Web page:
Virtually every study of Americans and retirement preparedness has the same bleak warning: Millions of individuals are at risk for not having enough money to maintain their standard of living in retirement, and the problem is only getting worse.
There are a variety of reasons why things are so bad, of course. But one major factor is the declining number of employers that offer retirement pension plans.
That fact is prompting a number of states to consider mandated retirement savings programs. The nation’s first such program was passed this January in Illinois.
Known as Secure Choice, the Illinois program goes into effect on June 1, 2017, and it affects all employers with at least 25 employees and which have been in business for at least two years in that state. Companies that already offer a retirement savings plan of some type would be exempt.
Participation in the Illinois program by individuals is voluntary. Their employer must offer a plan, but the employee may opt out if desired. The hope is that most won’t, since research has shown that employees that are automatically enrolled in a retirement plan tend to stay with it.
Employers may also offer a retirement plan at any time prior to the June 1, 2017 start date and be entirely exempt from the whole bill.
The Illinois program was at least three years in the making, and was a hard-fought victory to help citizens better prepare for retirement, the legislation’s key sponsor, State Senator Daniel Biss told Retirement Wire. But once it passed, the measure quickly drew a lot of fans, and its core provisions have received a lot of interest by other states.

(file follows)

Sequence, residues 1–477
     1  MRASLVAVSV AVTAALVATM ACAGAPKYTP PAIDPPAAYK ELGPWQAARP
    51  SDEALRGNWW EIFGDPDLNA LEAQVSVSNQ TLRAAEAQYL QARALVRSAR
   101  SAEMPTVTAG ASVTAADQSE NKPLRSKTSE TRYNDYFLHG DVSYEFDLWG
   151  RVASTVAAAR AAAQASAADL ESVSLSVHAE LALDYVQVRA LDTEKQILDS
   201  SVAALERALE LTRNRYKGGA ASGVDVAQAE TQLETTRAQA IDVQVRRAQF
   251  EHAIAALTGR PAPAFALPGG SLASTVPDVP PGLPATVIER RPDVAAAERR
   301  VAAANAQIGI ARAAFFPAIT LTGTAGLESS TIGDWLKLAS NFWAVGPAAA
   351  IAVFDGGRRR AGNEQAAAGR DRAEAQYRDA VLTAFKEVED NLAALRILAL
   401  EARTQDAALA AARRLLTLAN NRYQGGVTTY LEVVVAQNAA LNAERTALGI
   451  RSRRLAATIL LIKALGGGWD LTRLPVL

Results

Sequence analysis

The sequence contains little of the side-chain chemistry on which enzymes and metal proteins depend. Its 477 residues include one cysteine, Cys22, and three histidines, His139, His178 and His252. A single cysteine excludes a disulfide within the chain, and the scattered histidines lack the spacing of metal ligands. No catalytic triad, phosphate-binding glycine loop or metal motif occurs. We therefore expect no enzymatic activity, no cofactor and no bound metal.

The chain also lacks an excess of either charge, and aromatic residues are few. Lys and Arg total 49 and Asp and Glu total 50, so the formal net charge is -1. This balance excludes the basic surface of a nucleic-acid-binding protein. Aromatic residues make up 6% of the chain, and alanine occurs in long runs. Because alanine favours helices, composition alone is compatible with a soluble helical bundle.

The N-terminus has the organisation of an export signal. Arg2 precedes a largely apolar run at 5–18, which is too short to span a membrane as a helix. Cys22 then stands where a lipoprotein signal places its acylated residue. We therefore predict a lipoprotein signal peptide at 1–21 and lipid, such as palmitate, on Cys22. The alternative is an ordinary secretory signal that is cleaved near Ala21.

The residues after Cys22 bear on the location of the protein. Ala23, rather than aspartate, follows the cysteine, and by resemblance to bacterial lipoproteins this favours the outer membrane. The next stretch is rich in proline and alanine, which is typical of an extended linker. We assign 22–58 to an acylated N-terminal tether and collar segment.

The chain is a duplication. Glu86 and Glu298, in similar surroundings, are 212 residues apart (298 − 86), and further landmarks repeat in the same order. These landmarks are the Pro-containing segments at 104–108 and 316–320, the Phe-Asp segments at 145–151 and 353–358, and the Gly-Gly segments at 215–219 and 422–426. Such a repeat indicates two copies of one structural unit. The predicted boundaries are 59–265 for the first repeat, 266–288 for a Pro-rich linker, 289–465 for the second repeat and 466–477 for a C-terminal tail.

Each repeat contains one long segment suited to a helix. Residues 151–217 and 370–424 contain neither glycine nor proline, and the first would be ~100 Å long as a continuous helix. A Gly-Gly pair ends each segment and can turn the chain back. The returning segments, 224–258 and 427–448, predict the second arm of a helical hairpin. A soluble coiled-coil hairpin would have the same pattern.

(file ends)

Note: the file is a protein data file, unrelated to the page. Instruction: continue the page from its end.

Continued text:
According to a recent article in USA Today, several states are exploring similar legislation to the Illinois program. Oregon, Connecticut and California are looking into Work and Save plans, which would enable workers to save for retirement through regular payroll deductions. But employers would not have to pay the costs of administering these plans.
Studies for retirement plans are also in the works in Oregon and Minnesota, according to the AARP, and the Commonwealth of Massachusetts has a plan in the works that would include non-profit employers only. Likewise, North Dakota, Utah and Indiana have bipartisan sponsors lined up for proposals.
Federal bills aim to make pension plans more palatable
The issue of pension plans is also receiving strong interest on the federal level, and two bills were recently filed in the Senate and the House of Representatives that would make it easier for employers to offer pension plans to their workers.
During the week of Jan. 25, the Collins-Nelson Retirement Security Act of 2015 was filed in the Senate by Senators Susan Colling (R-Maine) and Ben Nelson (D-Fla.); while a companion bill, the Retirement Security Act of 2015 was filed in the House by Reps. Vern Buchanan (R-Fla.) and Ron Kind (D-Wisc.). The bills were introduced in both branches of Congress to increase the odds of success.